2/7/2007 12:00 AM
Firefighters from two of the world’s largest nuclear energy facilities spent the past three weeks training at the Texas Engineering Extension Service’s Disaster City®, learning the techniques and procedures for rescue in a contaminated environment.
The United Kingdom’s British Nuclear Fuels (BNFL) Sellafield facility and the Atomic Weapons Establishment (AWE) sent a total of 14 firefighters, officers and chiefs for the training, who will in turn train others from their respective facilities.
The course provides emergency responders with the opportunity for practical application of urban search and rescue techniques in a simulated chemical, biological, radiological, nuclear and explosive (CBRNE) environment. Students learn various rescue techniques such as breaching and breaking, lifting and moving, shoring and victim removal – all while wearing personal protective equipment for hazardous materials.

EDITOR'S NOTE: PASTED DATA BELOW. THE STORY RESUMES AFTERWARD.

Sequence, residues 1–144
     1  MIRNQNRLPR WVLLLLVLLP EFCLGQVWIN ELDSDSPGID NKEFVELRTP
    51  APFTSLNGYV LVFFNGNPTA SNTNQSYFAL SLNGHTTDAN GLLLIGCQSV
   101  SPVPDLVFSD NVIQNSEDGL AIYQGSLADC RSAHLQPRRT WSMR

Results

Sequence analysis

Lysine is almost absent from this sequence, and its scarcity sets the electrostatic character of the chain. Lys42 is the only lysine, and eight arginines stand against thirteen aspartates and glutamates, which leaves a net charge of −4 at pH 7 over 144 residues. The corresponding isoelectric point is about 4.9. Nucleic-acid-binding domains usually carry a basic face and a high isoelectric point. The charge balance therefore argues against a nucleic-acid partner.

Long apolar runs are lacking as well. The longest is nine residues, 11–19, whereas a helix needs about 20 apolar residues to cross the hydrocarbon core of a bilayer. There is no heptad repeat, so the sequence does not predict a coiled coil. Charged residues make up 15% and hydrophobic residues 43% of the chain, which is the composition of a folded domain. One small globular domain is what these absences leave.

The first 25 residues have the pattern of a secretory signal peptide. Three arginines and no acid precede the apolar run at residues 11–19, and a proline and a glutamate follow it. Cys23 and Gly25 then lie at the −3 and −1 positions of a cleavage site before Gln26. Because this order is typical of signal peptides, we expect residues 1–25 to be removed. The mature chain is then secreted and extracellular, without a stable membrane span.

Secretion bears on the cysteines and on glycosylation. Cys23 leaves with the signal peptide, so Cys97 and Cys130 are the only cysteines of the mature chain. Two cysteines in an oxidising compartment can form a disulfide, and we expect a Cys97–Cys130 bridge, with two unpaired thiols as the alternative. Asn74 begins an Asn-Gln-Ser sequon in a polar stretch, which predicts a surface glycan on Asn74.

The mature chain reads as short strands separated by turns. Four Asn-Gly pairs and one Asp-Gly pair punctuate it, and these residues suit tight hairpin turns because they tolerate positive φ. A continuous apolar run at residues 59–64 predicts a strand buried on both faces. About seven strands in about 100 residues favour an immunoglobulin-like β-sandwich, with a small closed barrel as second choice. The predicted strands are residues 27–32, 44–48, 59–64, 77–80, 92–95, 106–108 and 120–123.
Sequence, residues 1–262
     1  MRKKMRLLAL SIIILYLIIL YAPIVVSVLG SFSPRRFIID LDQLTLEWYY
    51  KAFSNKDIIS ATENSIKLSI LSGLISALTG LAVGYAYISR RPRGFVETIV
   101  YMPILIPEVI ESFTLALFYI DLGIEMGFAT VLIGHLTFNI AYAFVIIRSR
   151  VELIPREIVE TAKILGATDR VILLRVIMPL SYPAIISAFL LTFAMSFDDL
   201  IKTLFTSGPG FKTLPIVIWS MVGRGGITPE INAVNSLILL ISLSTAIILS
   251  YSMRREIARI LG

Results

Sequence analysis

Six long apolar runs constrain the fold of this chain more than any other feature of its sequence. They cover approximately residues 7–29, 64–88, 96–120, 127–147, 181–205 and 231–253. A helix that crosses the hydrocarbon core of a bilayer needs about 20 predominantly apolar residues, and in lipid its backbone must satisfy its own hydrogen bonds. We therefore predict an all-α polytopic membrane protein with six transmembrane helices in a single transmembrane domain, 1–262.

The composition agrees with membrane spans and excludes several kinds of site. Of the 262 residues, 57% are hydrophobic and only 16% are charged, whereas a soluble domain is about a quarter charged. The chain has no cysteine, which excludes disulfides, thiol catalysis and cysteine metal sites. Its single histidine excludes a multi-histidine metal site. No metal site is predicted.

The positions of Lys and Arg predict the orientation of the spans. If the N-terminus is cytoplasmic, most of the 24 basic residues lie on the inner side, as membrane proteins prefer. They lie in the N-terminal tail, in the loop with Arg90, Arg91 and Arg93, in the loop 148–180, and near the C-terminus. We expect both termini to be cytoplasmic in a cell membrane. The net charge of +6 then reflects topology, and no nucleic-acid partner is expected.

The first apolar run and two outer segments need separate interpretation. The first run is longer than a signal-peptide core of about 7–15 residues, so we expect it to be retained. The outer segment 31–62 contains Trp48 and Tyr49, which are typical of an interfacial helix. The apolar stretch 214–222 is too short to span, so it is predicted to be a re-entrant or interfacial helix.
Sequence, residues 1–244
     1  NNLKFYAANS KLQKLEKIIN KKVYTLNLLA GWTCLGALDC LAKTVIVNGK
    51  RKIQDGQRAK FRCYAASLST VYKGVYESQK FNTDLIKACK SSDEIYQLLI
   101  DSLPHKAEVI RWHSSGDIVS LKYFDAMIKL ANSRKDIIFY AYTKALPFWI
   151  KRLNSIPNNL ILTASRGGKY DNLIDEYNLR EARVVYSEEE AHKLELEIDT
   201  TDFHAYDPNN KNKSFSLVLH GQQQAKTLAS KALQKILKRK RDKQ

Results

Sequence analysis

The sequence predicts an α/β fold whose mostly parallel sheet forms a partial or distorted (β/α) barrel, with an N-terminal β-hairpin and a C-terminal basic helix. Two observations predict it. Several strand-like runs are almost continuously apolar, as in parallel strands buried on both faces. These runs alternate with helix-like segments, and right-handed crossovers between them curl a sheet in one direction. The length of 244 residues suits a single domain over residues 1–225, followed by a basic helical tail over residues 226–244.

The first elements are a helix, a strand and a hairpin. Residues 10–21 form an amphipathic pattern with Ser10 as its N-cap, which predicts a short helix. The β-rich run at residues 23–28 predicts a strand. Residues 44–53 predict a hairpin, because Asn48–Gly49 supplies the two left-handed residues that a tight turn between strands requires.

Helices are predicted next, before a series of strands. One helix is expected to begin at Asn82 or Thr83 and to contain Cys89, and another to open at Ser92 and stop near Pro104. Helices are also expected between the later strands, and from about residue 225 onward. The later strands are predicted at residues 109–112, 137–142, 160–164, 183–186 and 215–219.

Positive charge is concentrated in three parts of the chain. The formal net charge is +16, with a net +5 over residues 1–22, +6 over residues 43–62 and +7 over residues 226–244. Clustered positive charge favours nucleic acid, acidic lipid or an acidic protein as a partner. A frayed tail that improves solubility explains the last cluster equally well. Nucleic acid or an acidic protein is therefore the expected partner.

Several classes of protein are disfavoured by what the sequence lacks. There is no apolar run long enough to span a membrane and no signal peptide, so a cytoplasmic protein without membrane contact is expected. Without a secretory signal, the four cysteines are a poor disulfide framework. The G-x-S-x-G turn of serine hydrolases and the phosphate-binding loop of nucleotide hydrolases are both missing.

The firefighters from AWE and BNFL must always be prepared for emergency events ranging from terrorist attacks and seismic catastrophes to chemical leaks and spills.
Rick Lanigan, AWE fire chief, said his facility has more than 600 buildings for employees who must have a 24/7 fire and medical service available.
“Although we’re not part of the UK fire service, we’re trained in such things as firefighting, rope rescue and urban search and rescue,” Lanigan said. “This training at TEEX helps us to maintain our education in emergency response.”
Tony Sewell, AWE training officer, said that Disaster City® is the most realistic disaster training facility that he’s seen.
“Disaster City® is a wonderful place to train, but the trainers themselves are also extremely knowledgeable. The entire package is very conducive with learning,” Sewell said. “Everyone is so passionate and professional here. You can’t buy passion – this is by far the best we’ve ever come across.”